Israel should be able to sell whatever it wants/has to whoever wants to buy it. I could care less. If they sell to our enemies,then we'll have a more realistic view of our deep friendship. No aid to Israel,and no limits on what Israel can do in its own self interest;it sounds like Capitalism,doesn't it?

Posted by: rcaruth | January 6, 2011 2:54 PM | Report abuse

K2K2 wrote:

"In other words, zero for the PA, and I bet Israel would be willing to forgo the U.S. military contracts, especially when they are being coerced by the U.S. to sell their drone technologies to Turkey, who has allowed Syria (and thus Hezbollah) access."

Sorry, you've done a "Rubinesque" turn on this one. The contract for the drones was signed 6 years ago with Israel Aerospace Industries and Elbit Systems. Far from being coerced, they bid to win the contract. Turkey, at one point threatened to sue the companies because of missed deadlines.

The Obama administration, far from coercing anyone has threatened to stop any of our own sales of drones to Turkey in a meeting last August with the Trukey PM, over the latter's conduct toward Israel.

So just like in the case of Aung San Suu Kyi the Obama adminstration is supposed to look bad over something that was really handled correctly.

Posted by: 54465446 | January 6, 2011 3:15 PM | Report abuse

Shut up, Jennifer.

Posted by: danw1 | January 6, 2011 3:19 PM | Report abuse

A lot of fantasies are invested in the "Peace Process," and a lot of bureaucracies on those fantasies. Since we're talking about people capable of doing great harm, the question is, what would fill the vacuum opened by the the collpase of those fantasies and bureaucracies?

Posted by: adam62 | January 6, 2011 4:37 PM | Report abuse

Not only Clinton is utterly irrelevant. The U.S. pro-AIPAC BIAS -- and pro ILLEGAL Israeli Occupation, supported by $-$-$-$-$-$-$-$-$-$-$-$ in cash Israeli CRIMINAL Military Operations -- makes Washington utterly irrelevant as a mediator.

Posted by: telavivPEACEagent | January 6, 2011 8:43 PM | Report abuse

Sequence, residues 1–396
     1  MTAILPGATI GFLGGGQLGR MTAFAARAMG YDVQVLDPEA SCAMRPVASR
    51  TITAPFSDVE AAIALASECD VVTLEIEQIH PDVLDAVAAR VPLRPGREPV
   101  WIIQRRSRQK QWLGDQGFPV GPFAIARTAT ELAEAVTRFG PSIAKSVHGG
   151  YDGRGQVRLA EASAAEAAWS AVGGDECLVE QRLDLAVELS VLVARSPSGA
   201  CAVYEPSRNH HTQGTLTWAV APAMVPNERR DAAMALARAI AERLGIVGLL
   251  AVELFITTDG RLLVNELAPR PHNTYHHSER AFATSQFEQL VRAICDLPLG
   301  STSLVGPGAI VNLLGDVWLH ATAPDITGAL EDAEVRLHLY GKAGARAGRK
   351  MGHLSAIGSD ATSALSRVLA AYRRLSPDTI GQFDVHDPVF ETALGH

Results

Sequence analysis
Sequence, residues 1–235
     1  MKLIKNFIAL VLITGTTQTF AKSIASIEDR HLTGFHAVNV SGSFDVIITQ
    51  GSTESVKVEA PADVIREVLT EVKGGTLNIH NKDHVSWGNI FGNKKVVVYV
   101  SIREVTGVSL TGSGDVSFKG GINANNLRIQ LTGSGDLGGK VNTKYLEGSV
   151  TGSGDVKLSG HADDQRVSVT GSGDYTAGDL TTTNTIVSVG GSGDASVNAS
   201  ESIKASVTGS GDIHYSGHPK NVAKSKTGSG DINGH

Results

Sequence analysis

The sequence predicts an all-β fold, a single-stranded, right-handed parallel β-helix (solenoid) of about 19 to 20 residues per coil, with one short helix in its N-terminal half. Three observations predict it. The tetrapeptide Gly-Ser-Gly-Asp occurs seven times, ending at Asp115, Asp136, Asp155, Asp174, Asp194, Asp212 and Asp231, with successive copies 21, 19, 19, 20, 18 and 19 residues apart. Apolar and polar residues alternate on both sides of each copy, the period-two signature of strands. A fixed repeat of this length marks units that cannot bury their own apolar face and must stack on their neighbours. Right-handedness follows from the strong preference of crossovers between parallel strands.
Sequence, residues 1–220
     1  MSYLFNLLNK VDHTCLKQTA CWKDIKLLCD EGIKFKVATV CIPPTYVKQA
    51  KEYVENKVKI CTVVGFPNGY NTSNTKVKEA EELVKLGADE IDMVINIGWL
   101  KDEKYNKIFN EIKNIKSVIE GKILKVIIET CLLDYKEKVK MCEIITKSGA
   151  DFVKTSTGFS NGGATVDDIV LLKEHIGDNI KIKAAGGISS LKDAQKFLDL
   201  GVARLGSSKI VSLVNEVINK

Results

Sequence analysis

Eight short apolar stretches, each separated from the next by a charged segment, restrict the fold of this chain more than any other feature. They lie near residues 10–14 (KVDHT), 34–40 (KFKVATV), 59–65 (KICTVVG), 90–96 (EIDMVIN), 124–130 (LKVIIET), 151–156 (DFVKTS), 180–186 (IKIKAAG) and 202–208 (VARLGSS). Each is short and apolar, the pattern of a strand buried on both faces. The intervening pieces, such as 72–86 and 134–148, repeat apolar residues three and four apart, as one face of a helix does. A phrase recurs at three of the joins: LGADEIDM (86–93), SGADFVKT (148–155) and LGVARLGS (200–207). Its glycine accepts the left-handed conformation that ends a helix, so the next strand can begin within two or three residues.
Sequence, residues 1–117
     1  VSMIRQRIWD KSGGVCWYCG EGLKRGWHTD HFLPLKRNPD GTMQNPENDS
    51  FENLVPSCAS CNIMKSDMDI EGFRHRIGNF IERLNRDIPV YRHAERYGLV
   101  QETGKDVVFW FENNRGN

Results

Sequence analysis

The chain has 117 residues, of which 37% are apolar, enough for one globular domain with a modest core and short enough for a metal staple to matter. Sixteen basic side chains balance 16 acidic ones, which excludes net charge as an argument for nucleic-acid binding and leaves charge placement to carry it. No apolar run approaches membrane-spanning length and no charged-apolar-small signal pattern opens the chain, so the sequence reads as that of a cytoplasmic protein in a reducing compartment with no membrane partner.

AP report from Sharm A Sheik had a serious error. It said: "Israeli, Egyptian leaders discuss peacemaking". It should have said: "Israeli, Egyptian leaders discuss artificial pacemakers" under U.S. Auspices.

* Shimon Peres‎, born 1923 as Szymon Perski in Poland is 87
* Hosni Mubarak, born 1928, is 82
* Just peace, was not born yet.

Posted by: telavivPEACEagent | January 6, 2011 9:03 PM | Report abuse

Rubin doesn't want Mideast peace, which is why she and her neocon pals use their lofty pundit perches in the MSM to try to place all blame on the Palestinians as an excuse for not actively supporting the peace process. Basically, if Israel has to give up one inch of anything, Rubin won't support it.

The fact is, neither Bibi or Abu Mazen are really credible partners for peace at this stage although Rubin might do well to educate herself:

http://coteret.com/2011/01/03/rejectionist-front-maariv-details-netanyahus-refusal-to-directly-negotiate-with-pa/

The notion that Bibi wants a 2 state solution is laughable. He was caught on tape after he left office last time around bragging about how easily manipulated the US is, how he can expand Israeli territory during negotiations under the guise of security and how he essentially did everything he could to undermine Oslo. Of course that video only made the rounds in Israeli media, not the US media because it conflicted with our narrative that Israel is always an honest broker and everything is always the Palestinians fault.

If anything, Bibi only wants little pockets of Palestinian bantustans with minimal sovereignty. A contiguous Palestinian state is nothing Bibi has ever championed. Nor will he ever give up the illegal expansion into E. Jerusalem.

I guess following international law is for other lesser nations, huh Jennifer?

Posted by: Stacyx | January 7, 2011 11:07 AM | Report abuse